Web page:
But monetary policy will have to come about without much government guidance as a general election is due to be held before the end of November and is expected to be hotly contested. Until then, the country will be run, as at present, by a minority administration of Prime Minister Calin Popescu-Tariceanu's centrist National Liberal Party (PNL) and the Democratic Union of Hungarians in Romania (UDMR), backed by the left-of-centre Social Democratic Party (PSD). This awkward arrangement has not always been able to deliver the policy mix that Romania

After 17 years of post-Ceausescu flux, Romanian politics are solidifying into left-right-centre blocs. In December, the Democratic Party (PD) of President Traian Basescu announced it would merge with the Liberal Democratic Party (PLD), which largely consists of disillusioned former members of the PNL. The PD and PNL were previously in coalition in the Justice and Truth (DA) alliance, which fell apart in April when Tariceanu expelled PD ministers from his government. The new party will align itself with the European People's Party (EPP), a bloc of conservative and Christian Democrat Parties. The PD took the largest share of the vote in November's European Parliamentary election and, cut free of the PNL and effectively led by the popular and irrepressible Basescu, is looking like a formidable force. Meanwhile, on the left, the PSD remains the largest party in parliament and is shedding the taint of association with communism that has long dogged it. Many analysts expect it will mount a strong challenge for government after the election, albeit in coalition with other parties.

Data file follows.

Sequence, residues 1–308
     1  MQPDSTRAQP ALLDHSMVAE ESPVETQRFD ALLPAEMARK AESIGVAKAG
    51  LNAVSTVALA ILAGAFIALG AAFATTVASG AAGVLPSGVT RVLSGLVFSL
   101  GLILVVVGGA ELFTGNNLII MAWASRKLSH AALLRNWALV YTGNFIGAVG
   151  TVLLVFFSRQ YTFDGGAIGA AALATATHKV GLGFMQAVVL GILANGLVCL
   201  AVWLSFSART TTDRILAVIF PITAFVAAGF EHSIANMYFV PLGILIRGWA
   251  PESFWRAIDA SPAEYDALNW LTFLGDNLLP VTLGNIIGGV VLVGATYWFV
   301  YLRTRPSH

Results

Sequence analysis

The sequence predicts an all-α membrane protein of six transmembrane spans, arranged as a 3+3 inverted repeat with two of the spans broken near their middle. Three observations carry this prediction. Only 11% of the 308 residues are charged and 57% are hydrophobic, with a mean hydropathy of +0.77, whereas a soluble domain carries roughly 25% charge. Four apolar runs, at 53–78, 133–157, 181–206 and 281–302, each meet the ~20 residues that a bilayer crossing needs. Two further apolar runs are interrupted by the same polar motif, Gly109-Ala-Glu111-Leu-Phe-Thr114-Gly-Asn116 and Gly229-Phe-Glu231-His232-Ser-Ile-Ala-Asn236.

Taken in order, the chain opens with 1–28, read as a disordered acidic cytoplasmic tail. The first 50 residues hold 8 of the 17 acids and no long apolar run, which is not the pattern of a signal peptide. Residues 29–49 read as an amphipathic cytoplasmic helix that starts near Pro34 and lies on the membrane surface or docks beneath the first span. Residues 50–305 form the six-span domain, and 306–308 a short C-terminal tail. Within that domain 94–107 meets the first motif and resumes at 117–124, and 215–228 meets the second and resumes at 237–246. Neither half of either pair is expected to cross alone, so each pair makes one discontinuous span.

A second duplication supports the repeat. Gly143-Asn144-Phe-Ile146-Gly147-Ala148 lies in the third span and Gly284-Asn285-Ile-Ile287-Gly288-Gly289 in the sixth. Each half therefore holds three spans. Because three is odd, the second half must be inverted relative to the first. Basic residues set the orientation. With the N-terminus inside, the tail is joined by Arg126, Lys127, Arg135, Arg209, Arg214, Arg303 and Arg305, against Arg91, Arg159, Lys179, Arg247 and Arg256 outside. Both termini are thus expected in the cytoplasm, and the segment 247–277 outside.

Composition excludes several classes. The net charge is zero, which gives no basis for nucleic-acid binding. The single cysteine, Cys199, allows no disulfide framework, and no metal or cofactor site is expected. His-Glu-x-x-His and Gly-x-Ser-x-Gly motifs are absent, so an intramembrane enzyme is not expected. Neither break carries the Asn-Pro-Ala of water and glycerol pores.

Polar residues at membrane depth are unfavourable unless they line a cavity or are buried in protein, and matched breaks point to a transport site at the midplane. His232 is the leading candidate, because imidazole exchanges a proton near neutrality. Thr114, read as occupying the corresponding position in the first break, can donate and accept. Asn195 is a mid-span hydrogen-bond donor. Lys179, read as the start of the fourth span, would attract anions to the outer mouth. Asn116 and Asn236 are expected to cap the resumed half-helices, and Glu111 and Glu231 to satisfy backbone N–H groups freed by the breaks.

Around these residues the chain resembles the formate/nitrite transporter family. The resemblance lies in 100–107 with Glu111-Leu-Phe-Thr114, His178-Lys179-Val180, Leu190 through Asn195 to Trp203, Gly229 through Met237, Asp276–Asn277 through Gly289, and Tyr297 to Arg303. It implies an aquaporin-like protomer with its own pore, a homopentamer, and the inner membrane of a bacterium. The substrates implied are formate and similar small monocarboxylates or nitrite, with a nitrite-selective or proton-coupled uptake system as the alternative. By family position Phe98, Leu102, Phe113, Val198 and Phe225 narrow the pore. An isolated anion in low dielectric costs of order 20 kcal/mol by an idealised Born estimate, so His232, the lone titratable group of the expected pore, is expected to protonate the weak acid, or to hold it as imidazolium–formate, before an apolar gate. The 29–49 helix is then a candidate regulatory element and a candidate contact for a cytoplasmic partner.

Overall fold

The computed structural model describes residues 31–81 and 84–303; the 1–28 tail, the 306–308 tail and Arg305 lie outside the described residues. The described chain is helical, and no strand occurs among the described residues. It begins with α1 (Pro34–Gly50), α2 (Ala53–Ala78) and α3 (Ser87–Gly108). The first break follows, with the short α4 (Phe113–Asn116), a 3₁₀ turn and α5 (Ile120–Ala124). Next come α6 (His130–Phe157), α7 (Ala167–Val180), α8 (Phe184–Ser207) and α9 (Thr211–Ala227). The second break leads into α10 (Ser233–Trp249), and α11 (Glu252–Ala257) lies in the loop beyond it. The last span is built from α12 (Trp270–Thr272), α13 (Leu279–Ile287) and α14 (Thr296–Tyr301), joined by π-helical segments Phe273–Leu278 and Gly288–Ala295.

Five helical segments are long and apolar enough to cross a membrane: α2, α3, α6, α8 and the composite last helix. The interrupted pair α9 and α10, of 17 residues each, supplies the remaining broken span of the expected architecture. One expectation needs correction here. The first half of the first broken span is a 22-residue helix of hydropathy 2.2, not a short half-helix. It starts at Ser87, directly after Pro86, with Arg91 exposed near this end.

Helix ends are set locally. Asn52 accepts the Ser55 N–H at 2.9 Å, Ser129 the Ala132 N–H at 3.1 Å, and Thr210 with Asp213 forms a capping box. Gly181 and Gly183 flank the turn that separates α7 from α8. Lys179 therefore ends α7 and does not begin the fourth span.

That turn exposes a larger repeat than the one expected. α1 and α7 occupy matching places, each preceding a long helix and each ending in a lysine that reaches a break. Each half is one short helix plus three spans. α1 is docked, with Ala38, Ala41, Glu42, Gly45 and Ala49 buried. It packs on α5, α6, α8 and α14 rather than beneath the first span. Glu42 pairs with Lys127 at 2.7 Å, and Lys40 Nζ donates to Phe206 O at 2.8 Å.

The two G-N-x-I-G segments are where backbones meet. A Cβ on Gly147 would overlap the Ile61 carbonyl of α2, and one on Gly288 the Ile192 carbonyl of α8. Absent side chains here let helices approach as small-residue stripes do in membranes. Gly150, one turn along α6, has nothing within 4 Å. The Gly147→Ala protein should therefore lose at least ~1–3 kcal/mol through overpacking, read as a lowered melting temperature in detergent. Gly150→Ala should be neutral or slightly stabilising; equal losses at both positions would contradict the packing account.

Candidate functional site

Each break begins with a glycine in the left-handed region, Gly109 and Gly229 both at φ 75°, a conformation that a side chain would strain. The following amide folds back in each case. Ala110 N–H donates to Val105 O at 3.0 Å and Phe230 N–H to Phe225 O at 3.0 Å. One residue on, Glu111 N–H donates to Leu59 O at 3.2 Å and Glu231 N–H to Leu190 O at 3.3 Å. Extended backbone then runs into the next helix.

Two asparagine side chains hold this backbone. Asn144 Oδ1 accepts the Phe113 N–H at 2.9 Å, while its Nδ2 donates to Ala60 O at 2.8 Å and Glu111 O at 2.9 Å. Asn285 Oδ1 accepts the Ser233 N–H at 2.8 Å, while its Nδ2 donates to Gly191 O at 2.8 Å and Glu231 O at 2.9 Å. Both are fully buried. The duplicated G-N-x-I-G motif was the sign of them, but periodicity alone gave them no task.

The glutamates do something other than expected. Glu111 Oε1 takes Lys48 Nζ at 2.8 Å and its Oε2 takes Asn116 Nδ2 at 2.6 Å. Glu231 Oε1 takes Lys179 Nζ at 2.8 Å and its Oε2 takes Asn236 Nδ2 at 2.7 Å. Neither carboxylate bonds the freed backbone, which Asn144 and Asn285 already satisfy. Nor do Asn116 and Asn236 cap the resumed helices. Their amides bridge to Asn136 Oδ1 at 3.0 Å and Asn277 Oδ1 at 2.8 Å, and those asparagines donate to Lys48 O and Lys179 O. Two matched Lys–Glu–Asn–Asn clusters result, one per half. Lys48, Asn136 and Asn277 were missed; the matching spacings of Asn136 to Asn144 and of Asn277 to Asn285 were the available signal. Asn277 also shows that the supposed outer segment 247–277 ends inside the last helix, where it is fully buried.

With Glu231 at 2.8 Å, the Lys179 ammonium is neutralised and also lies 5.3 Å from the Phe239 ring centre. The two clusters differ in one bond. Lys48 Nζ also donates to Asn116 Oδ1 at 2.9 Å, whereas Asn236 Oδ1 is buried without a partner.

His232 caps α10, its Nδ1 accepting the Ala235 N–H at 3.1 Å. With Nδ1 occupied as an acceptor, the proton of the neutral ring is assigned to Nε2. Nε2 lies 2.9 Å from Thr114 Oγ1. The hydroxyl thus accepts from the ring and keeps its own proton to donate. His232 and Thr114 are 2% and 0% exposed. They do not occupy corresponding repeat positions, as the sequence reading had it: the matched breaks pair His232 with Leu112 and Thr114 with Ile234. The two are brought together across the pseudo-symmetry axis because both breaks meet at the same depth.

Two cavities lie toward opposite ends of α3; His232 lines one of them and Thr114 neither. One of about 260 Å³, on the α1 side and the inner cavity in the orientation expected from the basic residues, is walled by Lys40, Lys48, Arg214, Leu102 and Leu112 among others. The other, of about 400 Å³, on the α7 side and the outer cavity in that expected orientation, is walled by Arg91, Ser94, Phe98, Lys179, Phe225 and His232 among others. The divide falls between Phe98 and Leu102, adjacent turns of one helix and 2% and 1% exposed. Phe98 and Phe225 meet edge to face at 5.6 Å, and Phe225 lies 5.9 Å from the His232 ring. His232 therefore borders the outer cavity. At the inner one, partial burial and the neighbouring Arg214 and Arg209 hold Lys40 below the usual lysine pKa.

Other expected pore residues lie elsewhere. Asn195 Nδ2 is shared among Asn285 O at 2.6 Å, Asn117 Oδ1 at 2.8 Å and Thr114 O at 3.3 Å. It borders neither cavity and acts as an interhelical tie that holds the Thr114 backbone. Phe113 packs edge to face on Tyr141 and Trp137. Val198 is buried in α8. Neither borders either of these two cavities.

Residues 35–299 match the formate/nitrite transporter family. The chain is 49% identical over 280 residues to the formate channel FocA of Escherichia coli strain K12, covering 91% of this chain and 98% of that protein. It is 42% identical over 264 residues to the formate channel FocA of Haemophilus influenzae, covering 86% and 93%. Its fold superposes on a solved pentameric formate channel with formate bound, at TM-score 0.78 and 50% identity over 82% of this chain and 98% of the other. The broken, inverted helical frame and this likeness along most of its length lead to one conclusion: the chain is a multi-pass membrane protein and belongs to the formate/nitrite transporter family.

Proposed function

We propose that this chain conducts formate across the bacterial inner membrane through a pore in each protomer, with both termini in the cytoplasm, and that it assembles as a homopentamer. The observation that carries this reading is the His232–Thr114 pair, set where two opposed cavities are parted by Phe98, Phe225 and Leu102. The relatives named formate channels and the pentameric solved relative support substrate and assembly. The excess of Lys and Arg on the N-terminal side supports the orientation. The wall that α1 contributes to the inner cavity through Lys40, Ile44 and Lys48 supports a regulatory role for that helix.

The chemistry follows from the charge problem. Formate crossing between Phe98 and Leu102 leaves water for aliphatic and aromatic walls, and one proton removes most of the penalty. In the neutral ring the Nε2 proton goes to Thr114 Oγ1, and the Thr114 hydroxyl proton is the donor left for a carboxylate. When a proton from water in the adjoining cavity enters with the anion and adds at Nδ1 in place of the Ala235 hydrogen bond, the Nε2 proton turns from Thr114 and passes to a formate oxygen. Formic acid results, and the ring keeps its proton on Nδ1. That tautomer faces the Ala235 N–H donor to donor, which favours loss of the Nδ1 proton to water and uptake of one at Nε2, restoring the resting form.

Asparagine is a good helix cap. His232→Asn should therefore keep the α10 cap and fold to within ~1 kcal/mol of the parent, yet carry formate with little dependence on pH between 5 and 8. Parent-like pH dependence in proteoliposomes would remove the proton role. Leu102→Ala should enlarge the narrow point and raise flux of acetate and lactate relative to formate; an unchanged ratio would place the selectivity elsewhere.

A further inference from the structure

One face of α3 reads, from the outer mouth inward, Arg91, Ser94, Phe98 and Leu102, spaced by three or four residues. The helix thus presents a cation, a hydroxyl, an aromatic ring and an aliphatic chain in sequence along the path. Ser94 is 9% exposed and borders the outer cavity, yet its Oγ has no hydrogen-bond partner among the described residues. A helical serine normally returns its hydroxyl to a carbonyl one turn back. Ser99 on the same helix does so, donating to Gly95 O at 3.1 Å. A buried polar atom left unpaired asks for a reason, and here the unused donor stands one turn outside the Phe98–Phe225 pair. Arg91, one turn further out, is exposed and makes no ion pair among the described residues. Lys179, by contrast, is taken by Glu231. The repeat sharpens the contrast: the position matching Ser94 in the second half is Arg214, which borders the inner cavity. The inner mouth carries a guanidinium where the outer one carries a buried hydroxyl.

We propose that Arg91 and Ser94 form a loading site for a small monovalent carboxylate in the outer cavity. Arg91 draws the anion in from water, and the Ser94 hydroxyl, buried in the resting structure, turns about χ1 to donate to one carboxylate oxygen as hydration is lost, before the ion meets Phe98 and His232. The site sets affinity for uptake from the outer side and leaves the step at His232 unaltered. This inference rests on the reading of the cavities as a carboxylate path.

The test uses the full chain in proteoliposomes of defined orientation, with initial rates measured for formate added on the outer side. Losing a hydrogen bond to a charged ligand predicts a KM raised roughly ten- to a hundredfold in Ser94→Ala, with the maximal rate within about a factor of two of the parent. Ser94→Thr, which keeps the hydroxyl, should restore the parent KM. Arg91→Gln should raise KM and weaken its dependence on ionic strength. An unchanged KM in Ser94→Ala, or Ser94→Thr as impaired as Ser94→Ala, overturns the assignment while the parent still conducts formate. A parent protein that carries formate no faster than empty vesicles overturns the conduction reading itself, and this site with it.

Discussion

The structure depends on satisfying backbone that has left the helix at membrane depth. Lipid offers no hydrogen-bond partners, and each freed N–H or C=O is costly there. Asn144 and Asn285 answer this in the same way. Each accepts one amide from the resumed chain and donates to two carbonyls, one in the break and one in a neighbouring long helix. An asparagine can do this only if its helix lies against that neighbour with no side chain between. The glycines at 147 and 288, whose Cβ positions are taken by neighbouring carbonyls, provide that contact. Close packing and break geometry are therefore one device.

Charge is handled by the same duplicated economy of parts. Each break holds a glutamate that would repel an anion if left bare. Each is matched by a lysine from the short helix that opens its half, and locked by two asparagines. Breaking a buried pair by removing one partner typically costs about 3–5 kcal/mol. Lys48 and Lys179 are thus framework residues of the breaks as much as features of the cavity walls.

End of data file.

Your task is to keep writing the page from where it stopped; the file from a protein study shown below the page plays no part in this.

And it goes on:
In this environment, a tightening of fiscal policy through increasing taxes and/or cutting spending is unlikely. The government has already agreed to a 28% increase in the minimum wage, with a further 8% rise slated for July, to ensure the PSD's support for the 2008 budget. The wage increase and expected high levels of inflation mean wage demands are likely to increase in the private sector as well. This move will probably be unpopular with businesses, which will also be feeling the pinch from any interest rate increase.

Cynics point out that Romania no longer has the enticement of European Union membership to keep it on the fiscal straight and narrow. Certainly, inflation has worsened since membership. In 2006, when Romania's accession in 2007 was still in question, inflation dropped to 4.9% from 8.6% the previous year.

In an ideal situation, the authorities use a mix of monetary and fiscal policy to control inflation. However, with a divided parliament led by a minority administration entering an election year, decisive leadership making unpopular decisions is unlikely. This is unfortunate, as the higher interest rates that will be required to restrain inflation will also hurt small businesses and home owners, the middle classes who have been responsible for much of Romania's recent development. If they turn out at the polls next year, the government may pay the price.
requires, and has resorted to populist moves to maintain the coalition and fend off the resurgent right.

Friday, December 14, 2007

Conflict escalates between Moldova and Romania

A long-running conflict between neighboring countries Romania and Moldova has escalated. Moldova has expelled two Romanian diplomats and recalled its own ambassador.
Romania calls the measure is “totally unjustified”. Moldova's action is in response to comments by the Romanian ambassador to Moldova, who said the border between the two countries is not legally valid.

Until 1991 Moldova was part of the Soviet Union, but in the years before the Second World War most of it's territory was in Romania. Moldova accuses its neighbor of undermining its sovereignty, by offering its 4 million inhabitants citizenship. (radionetherlands)

Thursday, December 13, 2007

Regal Petroleum finds gas in Romania